Puritans, the English Protestants in the 16th and 17th centuries, played a very significant role in creating English history. Puritans were the people who presented the new ideology and tried their best to change the ideology of the others too. Puritans not only gave us a great magnificent history but also great literature too. Puritans were the people who sought to purify the Church of England of Roman Catholic practices.




The term Puritans was given to the people involved in a movement by their enemies. Basically, Puritans were the English Christian Protestants. Puritans claimed that Anglican Church has not distanced itself from Catholicism. The Puritans also sought to ‘purify’ it of Catholic practices.

However, the term Puritans was originally a kind of insult used by Anglicans to refer to the people they claimed were too easily offended by the liturgy of the Anglican Church and were nit-picking at details and causing the trouble while justifying their efforts through proof-texting of the Bible. But the term ‘Puritans were not used by the people to refer to themselves.


The faith of Puritans originated in England during the time of early 1600s. The Puritans believed that the Anglican Church, the religious institution of England, needs purification of the Catholic religious faith. During the early 1600s, Puritans attempted to reform the Anglican Church with very limited success.


But the Stuart Monarchs who were ruling England at that time were not prepared and ready to reform the Church or limit the Catholic religion’s influences. This discouraged the Puritans, and hence they started looking for new homes in the colonies where they could freely practice their religious beliefs that were far from the influence of the Stuart Kings and Catholicism.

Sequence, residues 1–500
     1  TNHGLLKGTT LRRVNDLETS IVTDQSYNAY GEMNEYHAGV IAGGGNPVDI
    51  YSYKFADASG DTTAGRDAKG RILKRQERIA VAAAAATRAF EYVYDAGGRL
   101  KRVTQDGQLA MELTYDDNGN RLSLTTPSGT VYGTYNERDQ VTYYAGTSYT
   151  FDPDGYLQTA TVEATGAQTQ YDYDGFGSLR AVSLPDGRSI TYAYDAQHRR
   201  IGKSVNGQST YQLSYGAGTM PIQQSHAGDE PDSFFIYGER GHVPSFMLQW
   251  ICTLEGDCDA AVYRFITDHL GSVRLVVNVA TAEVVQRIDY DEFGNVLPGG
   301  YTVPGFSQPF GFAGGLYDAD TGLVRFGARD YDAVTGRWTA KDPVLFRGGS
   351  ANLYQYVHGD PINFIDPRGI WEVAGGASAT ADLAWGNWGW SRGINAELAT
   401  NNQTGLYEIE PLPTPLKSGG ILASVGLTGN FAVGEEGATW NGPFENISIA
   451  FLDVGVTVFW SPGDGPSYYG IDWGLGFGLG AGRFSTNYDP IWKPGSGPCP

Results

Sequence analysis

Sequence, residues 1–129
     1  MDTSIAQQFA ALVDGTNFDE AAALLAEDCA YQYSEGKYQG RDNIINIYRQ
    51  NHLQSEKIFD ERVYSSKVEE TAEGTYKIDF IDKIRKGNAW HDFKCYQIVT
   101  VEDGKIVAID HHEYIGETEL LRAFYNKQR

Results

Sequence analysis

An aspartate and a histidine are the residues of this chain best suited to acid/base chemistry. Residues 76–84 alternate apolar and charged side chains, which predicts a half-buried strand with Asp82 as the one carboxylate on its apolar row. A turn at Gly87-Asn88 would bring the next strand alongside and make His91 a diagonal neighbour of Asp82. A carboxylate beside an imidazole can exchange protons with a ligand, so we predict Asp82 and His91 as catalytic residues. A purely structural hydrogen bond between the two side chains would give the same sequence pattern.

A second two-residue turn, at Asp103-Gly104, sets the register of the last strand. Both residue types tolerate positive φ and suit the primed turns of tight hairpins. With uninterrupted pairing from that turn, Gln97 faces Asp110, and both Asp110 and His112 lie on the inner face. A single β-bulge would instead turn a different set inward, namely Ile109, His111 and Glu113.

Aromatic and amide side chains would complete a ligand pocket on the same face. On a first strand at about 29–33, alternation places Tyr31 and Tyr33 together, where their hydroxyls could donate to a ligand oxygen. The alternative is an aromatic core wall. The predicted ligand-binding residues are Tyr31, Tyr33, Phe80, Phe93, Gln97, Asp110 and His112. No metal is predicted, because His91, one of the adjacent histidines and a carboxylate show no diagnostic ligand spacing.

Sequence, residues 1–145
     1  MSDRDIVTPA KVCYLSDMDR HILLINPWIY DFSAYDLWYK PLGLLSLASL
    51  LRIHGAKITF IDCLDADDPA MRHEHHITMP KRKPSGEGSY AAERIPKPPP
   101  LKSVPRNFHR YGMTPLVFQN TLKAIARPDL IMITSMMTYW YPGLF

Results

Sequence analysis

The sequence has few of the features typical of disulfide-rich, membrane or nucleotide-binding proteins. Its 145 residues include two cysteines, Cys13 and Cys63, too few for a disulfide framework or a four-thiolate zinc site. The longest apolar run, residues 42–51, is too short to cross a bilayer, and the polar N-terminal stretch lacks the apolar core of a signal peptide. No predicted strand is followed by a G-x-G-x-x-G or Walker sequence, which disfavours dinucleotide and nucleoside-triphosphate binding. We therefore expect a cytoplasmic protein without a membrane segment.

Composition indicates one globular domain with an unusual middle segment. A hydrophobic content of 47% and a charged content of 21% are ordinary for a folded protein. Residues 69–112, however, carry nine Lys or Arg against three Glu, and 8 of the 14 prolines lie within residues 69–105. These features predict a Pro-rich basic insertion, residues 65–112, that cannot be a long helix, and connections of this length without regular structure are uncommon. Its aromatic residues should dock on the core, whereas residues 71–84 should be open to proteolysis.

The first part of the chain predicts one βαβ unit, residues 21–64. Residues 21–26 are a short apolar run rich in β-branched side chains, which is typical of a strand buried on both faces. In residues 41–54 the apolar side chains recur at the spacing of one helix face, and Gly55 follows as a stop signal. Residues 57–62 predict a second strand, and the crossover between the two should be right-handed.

The Elizabethan Church Settlement had been a cautious compromise in which Calvinist and Catholic elements were blended. Queen Elizabeth was made the governor of the Church, and the Act of Uniformity was passed. A book of common prayers was also introduced. Thirty-nine articles were drawn up, which was mandatory for all the clergy to accept.

The thirty-nine articles were designed to enable the members of the Church of England to believe in free will, a Catholic doctrine or predestination, a doctrine of John Calvin as these were thought to be fit. Despite all this, Elizabethan Settlement, or the Calvinistic system, which was a form of puritanism, penetrated more or less with completeness into the minds of most of the English Protestants.

At the beginning of the seventeenth century, there was nothing like the Puritan’ Party’. Those who felt the influence of Calvin of Geneva were known as Presbyterians or Disciplinarians. The attack of Puritans on Elizabeth took from 1579 when the leader of Presbyterians, Thomas Cartright, discovered that Anglican Church didn’t accord with the principles of the primitive Christian Church and urged that bishops should be deprived of their disciplinary powers and stick to preaching.

But she took strict action, and in 1583 she appointed John Whitgift, the Archbishop of Canterbury, to check the spread of hateful doctrines by a strict view of this by imposing strict censorship of the Press. This lead to the rise of several Puritans, and they started gaining ground and threatened Elizabethan Church Settlement. At last, all this resulted in the arrestment of Puritans, and many of them migrated to Holland.

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After the death of queen Elizabeth James, I ascended the throne. And as King James I wended his way from Edinburgh to London in 1603, he met the group of puritans who presented him with a petition in which he was asked to redress the various abuses in the Church of England.

This petition was termed as Millenary Petition. But the king feared that granting more rights to the Puritans would be dangerous for him. He even declared that he would not be giving any of the Puritans’ rights and threatened them to ‘hurry them out of the land. This lead to the hostility between the Puritans and the Stuart Kings. Some of the Puritans went to Holland and later sailed in the Mayflower.

puritans history


The basic difference between the Pilgrims and Puritans is that the Puritans did not consider themselves as separatists. Puritans used to call themselves non-separating Congregationalists, which meant that they had not repudiated the Church of England as a false church. Puritans, in practice, acted from the point of view of Episcopalians and even Presbyterians. In short, it can be said that the Pilgrims came in looking for religious freedom, whereas the Puritans came for religious freedom.

The puritans gave us a great history, new ideology, new beliefs, and literature too. So, we owe this to Puritans.